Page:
Rogers has updated its reply to the inquiries made by the Canadian Radio-television Telecommunications Commission (CRTC) with additional information on what caused its network outage on July 8.

In its update to the redacted document, the company said that 2.92 million wireline and 10.242 million wireless customers were impacted. While it determined that it did not breach service level agreements (SLA) with its retail customers, Rogers is assessing if it breached SLA with its vendors.

The Rogers outage was caused by an update to the distribution routers in its network, which caused Rogers’ internet gateway, core gateway and distribution routers to cease communication with one another, as well as with Rogers’ cellular, enterprise and cable networks.

The document also described the restoration priority in a seven-point numbered list. Rogers placed restoration of its wireless and wireline services as a top priority, followed by critical care services and major business customers.

This was Rogers’ second outage in two years; in April 2021, a vendor software update knocked its mobile network offline. Rogers now says that the learnings from the previous outage helped to restore its mobile network faster on July 8.

Unlike the outage that occurred on July 8, Rogers says that its mobile outage last year did not affect its core network, which is why it did not impact emergency communications.

Responding to the CRTC’s question of what additional safeguards Rogers will have in place going forward, Rogers says it’s conducting a review with a third-party, issuing dual-SIMs or a secondary mobile device to all critical employees, and establishing alternative carrier connectivity into critical locations for backup connections.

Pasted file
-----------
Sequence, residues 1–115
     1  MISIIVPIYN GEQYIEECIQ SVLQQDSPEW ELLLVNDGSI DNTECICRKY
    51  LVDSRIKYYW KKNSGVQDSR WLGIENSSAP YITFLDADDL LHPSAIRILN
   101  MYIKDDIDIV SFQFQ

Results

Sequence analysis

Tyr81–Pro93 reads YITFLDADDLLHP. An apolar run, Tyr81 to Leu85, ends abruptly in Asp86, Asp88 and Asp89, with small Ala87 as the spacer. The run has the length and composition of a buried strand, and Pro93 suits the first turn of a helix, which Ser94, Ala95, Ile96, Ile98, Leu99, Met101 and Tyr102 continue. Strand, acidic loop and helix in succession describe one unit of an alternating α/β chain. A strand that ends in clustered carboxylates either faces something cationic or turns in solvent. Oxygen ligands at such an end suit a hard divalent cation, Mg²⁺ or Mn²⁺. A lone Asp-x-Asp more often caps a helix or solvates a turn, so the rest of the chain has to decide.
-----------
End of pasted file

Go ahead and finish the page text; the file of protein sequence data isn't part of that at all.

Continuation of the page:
Moreover, the telecommunications giant confirmed that a memorandum of understanding for mutual assistance is being developed by the Canadian Security Telecommunications Advisory Committee (CSTAC) between major Canadian telcos within 60 days. Rogers is the sitting co-chair of CSTAC.

These measures are in addition to the short-term actions, which include improving IP network and infrastructure reliability, issuing a network architecture review with vendor partners, and increasing automation in incident management processes. The company also plans on introducing further risk assessment reviews, and expanding its network monitoring capabilities.

The CRTC has asked Rogers to provide further comments pertaining to the ongoing investigation.

The full public redacted document can be downloaded fro the CRTC (1.8MB download).


The post Rogers provides more information to CRTC inquiry on July 8 outage first appeared on IT World Canada.

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